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January 8, 2001

The kids are all right, and want to take over
A 12-year-old CEO and poster child for the 'Youth Engagement' generation

Roy MacGregor
National Post

Finally, someone for Canadians to look up to.

So what if he's only 4-foot-11? At 12 years of age, he enjoys a quality few others on the national landscape have been able to demonstrate lately -- tremendous growth potential.

His name is Keith Peiris. He's president and CEO of Cyberteks Design of London, Ont., a charmingly successful Web design company, and in February he'll be part of the Canadian trade mission Prime Minister Jean Chrétien will lead to China.

He will, of course, be subject to great curiosity. A basement business that is already pulling in six figures in annual revenues, a child among 350 greying, wrinkling businesspeople and politicians, the only one who will be taking his father along and spending his evenings on Grade 7 homework -- but perhaps, just perhaps, Keith Peiris is less an oddity than a new trend that some are saying is only the beginning of a modern Children's Crusades.

The catchphrase is ''Youth Engagement,'' and while the surface context is more political than business, there is also an increasing link seen between the possible rise of youth political power and the very business Keith Peiris is likely to make his fortune: the Internet.

''Youth Engagement,'' The Economist claims, is most assuredly ''a rising trend in the rich, democratic world.''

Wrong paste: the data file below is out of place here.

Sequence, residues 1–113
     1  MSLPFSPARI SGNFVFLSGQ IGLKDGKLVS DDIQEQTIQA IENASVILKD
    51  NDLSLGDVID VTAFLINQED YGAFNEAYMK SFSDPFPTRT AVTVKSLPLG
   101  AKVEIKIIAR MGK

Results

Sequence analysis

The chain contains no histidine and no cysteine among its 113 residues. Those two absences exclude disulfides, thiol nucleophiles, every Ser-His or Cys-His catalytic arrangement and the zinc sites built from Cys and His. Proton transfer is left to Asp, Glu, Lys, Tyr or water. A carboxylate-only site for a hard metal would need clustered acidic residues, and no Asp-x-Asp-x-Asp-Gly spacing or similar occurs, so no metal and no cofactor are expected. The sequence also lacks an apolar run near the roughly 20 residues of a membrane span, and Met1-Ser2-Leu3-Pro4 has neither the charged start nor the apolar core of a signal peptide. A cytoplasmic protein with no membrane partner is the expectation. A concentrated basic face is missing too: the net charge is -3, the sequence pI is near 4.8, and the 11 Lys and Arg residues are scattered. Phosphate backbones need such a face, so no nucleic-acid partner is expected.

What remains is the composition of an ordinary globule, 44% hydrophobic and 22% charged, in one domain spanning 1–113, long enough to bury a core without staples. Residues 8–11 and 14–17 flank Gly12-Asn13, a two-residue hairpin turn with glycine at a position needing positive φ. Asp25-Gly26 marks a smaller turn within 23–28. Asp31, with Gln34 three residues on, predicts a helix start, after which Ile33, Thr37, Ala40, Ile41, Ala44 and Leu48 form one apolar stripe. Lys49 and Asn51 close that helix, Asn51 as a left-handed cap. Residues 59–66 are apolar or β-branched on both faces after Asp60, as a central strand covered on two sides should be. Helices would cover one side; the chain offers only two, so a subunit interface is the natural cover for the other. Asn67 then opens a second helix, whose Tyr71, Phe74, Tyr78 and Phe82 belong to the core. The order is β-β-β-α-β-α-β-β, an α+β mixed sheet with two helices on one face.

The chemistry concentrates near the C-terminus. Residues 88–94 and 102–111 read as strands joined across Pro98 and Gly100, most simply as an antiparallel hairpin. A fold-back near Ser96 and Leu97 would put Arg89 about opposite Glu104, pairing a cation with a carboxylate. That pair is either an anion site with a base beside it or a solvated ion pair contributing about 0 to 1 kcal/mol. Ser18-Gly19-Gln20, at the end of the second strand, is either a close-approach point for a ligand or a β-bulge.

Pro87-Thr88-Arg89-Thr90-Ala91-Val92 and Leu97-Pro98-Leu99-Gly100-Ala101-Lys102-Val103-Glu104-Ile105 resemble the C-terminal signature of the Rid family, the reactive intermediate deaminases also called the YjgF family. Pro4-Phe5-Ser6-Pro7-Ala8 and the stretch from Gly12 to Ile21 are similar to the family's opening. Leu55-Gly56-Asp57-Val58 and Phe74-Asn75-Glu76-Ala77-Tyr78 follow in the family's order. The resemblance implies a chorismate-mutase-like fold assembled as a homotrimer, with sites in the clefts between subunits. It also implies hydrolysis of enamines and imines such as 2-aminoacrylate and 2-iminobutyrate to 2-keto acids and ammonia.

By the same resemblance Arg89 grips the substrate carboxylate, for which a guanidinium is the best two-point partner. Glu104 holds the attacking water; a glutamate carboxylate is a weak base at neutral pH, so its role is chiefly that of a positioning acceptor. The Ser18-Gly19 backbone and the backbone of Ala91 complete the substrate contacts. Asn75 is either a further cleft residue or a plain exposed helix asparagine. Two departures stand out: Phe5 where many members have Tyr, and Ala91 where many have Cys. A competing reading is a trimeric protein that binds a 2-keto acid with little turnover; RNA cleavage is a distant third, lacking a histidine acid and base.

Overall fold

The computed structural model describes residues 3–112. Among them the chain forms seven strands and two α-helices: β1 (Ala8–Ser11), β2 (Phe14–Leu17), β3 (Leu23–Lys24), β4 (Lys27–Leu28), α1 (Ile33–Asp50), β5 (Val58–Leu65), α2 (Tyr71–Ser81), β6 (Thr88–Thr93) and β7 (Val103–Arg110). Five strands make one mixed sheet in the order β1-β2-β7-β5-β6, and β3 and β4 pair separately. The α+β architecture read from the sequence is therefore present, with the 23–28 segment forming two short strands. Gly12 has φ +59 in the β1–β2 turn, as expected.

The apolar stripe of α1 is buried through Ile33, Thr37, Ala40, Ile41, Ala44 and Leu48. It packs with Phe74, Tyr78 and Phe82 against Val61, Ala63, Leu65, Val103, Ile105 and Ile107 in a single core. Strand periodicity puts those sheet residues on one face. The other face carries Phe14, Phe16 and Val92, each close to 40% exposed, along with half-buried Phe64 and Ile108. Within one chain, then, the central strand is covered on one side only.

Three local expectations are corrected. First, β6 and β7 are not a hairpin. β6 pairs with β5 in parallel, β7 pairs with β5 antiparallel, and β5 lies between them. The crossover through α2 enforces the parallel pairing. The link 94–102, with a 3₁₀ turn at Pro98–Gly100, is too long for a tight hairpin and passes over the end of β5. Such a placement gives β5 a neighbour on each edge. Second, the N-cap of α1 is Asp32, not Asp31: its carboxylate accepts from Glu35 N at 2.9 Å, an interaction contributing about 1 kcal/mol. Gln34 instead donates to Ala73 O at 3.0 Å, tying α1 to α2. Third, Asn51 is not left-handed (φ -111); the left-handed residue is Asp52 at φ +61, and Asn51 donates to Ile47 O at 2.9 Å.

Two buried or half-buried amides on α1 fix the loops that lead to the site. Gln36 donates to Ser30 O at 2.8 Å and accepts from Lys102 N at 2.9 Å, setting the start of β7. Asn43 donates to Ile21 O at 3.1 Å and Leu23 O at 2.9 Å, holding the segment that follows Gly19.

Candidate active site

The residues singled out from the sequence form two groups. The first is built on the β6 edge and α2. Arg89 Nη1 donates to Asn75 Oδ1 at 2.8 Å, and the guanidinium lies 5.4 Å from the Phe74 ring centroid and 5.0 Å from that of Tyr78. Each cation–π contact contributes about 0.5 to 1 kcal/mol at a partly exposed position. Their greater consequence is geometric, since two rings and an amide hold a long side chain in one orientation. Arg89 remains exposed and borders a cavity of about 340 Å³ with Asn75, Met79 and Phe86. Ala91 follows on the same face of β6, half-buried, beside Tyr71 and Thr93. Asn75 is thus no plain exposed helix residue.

And examples of it, according to the British magazine and other publications, are to be found almost anywhere older people choose to look.

Consider these engaging youngsters:

- The Australian government has sent 22-year-old Carrie McDougall to the United Nations as a representative. Some 15 countries now include one young person with their official delegations and other countries are being urged to follow suit.

- The city of Wellington, New Zealand, has a youth council that has been given a real say in policymaking.

- An Ontario law now requires students be represented at high-level talks on education policy.

- Universities everywhere are finding they must add students, usually elected, to the powerful boards of governors that set school policy.

- Researchers are finding ever-increasing evidence that children's IQs are on the rise throughout the industrialized world, with some scientists linking the jump to television and video expertise -- meaning more and more adults now defer to youth when it comes to technology.

- The city of Toronto has its own Youth Cabinet, which advises council on issues affecting the youth of the city.

- Cotham School in Bristol, England, has 100 elected councillors to represent the 1,200-member student body, with enough power to, among other acts, fire one caterer and hire another for the school cafeteria.

- A movement called ''pupil power'' is on the rise in Britain following a report that ''listening schools'' with empowered school councils were doing a far better job of dealing with the new ethnic makeup of the country than were schools that refused to listen to its students.

- Canadian teenager Craig Kielburger -- the international poster boy for ''youth empowerment'' through his child-labour activism -- has called on the UN to add a seat for children on the Security Council.

While none of this has led to a cessation of war, an end to poverty or even minor tax cuts, the cumulative effect has been to alert trend-watchers to predict that a new era of youth involvement is all but upon us. And while it would be wrong to say it does not involve protest marching equivalent to the late Sixties and early Seventies -- globalization is, in its own way, to today what the Vietnam War was to yesterday -- it is entirely correct to say that widespread communication is as central to whatever movement there is in 2001 as it was in 1971.